TAMPA — Opportunity with the Bucs never knocks. Most of the time, it arrives via a ringtone when Tom Brady calls for help, as he did with Rob Gronkowski, Leonard Fournette and Antonio Brown.
Shortly after the Bucs needed a two-minute drive to set up a winning field goal to beat the Cowboys 31-29 in the season opener Sept. 9, Brady contacted Richard Sherman to see if the five-time Pro Bowl cornerback was almost ready to join him in Tampa Bay.
Sean Murphy-Bunting suffered a dislocated elbow in the game, and the Bucs had allowed Cowboys quarterback Dak Prescott to pass for 403 yards and four touchdowns.
“Tom actually called, and once he calls, you’ve either got to come or you’re going to regret not coming,” Sherman said Wednesday. “That’s what it seems like. That definitely went into the conversation.”
About a week or so later, Sherman said the Bucs’ front office contacted him about joining the team. Those discussions intensified after the Bucs’ loss to the Rams on Sunday in Inglewood, Calif. He arrived in Tampa on Tuesday night and announced Wednesday morning he had signed a one-year contract.
Serving as his own agent, Sherman agreed to a deal that includes a $1 million base salary and per-game roster bonuses that could total $350,000. With performance incentives, the 33-year-old could earn $2.25 million.
“I think when you talk about veteran players who want to win a championship, when Tom calls you, you’re going to listen … especially with the roster he has,” coach Bruce Arians said. “I think there’s probably a bunch of veterans out there wishing he’d call them.”
With the addition of Sherman, the Bucs have five members of the Pro Football Hall of Fame’s All-Decade Team of the 2010s on their roster, a group with a combined 21 Super Bowl appearances among them: Sherman, Brady, Gronkowski, Brown and Ndamukong Suh. Brady recruited three of them to Tampa Bay.
“(Sherman is) an all-time great player,” wide receiver Mike Evans said. “Very, very smart player — one of the smartest players to ever play this game, and I think he’s going to help us a lot.”
About nine years ago, the pairing of Sherman and Brady didn’t seem possible. That’s when a postgame Twitter comment Sherman directed at Brady launched an internet meme and a lucrative T-shirt business.
“U mad bro?” Sherman tweeted following the Seahawks’ 24-23 comeback win over the Patriots in October 2012.
Sherman said he and Brady have texted each other over the years and always thought it would be “cool” to play together if they had the opportunity.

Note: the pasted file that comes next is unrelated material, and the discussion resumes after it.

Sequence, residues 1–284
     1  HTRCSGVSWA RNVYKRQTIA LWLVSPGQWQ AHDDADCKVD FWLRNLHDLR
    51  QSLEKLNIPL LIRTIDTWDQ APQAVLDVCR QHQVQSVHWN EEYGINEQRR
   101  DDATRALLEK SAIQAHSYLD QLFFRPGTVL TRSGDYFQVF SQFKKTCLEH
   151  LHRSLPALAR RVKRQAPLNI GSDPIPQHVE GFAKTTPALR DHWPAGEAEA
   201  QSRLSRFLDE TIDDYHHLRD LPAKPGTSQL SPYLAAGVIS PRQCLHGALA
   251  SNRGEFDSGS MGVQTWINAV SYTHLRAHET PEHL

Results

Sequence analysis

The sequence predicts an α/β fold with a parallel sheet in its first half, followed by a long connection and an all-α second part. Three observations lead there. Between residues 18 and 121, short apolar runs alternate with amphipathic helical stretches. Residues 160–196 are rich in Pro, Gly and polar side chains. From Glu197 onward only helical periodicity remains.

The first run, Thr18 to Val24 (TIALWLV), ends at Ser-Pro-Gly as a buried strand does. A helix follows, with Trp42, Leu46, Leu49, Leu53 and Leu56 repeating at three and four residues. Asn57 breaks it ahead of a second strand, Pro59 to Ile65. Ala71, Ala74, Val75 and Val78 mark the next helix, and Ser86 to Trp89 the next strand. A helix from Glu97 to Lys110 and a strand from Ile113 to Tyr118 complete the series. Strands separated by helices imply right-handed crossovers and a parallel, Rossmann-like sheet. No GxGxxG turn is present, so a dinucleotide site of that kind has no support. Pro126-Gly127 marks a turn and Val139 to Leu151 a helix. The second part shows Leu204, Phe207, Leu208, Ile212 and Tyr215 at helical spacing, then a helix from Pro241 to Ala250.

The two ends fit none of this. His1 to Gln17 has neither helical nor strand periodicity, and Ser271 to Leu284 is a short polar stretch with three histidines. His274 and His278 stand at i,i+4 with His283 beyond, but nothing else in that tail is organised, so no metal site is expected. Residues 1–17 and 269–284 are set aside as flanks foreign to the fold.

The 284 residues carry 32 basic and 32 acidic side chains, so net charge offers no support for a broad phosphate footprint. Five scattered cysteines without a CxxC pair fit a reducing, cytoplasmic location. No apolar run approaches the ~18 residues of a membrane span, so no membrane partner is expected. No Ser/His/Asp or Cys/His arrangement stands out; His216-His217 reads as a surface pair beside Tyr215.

“We exchanged jerseys maybe four or five years ago, and he said, ‘I’m still mad, bro.’ He wrote it on the jersey,” Sherman said. “He’s a great sport about everything. He’s just a competitor. We’re a lot of the same spirit in that regard. … That’s what kind of attracted me to come, because I know he’s the same kind of animal I am.”
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Shortly before 11 a.m. Wednesday, Sherman walked onto the Bucs’ practice field wearing a No. 5 jersey, not his familiar 25. He was the only player in full pads.
Sherman engaged in conversation with cornerback Carlton Davis and safety Jordan Whitehead. The starters in the secondary are young, with Davis serving as the old guy of the group at 24 entering his fourth season.
We’re all young, and we kind of need that leader,” Whitehead said. “(Sherman) came in (Wednesday) and started giving us lots of tips and was talking ball with us. He fits right in.”
Still, Sherman said it would be unrealistic for him to think he could play Sunday at New England.
“I’ll need at least a week of practice to hone into things and play at the level I’ve been before,” he said. “I think it would be foolish to expect me to come out this week and play at a super high level. If I did it, it would be another thing to chalk up as a cool thing I did. But I think the expectation is to train and get in shape and give me an opportunity to play the following game.”
Sherman had some leverage during contract talks and was talking to several teams, including the 49ers, with whom he played the past three seasons, and Seahawks, with whom he played his first seven in the NFL. However, neither of those teams had made a formal offer.
He talked to his wife, Ashley, who gave him the green light to leave the West Coast, where he has always lived and played, to come to Tampa Bay.
“She thought this was the best opportunity to go do what I love and play at a high level and have a chance to chase a trophy,” Sherman said. “Obviously, in San Francisco they have a fantastic team as well. … I tried to wait as long as I could to avoid the heat or whatever this is. But I think I timed it right.”
Physically, Sherman had to get in shape without the benefit of a structured offseason or training camp. He is said to be down to 195 pounds and had played about 10 pounds heavier coming off an Achilles injury with the 49ers.
Mentally, he also has been a work in progress.
Sherman was arrested in July, accused of drunkenly crashing his SUV in a construction zone and trying to break into his in-laws’ suburban Seattle home. He has pleaded not guilty to five misdemeanor charges, including driving under the influence and second- degree criminal trespass. He said he has been getting counseling since his arrest.
A first DUI offense results in a three-game suspension, according to a provision in the NFL’s substance-abuse policy added in 2020. No sanctions would apply to Sherman until his case is adjudicated.
While calling the situation “unfortunate” and “regrettable,” Sherman said it ultimately led to necessary changes in his life.
“It ended up being a positive thing, and I do feel like I have the support system in my wife and my family and obviously here,” he said. “We talked about it, and (the Bucs) have a great team, a great staff, who are very aware and helping.”
Contact Rick Stroud at firstname.lastname@example.org or 727-709-5982. Follow @NFLSTROUD.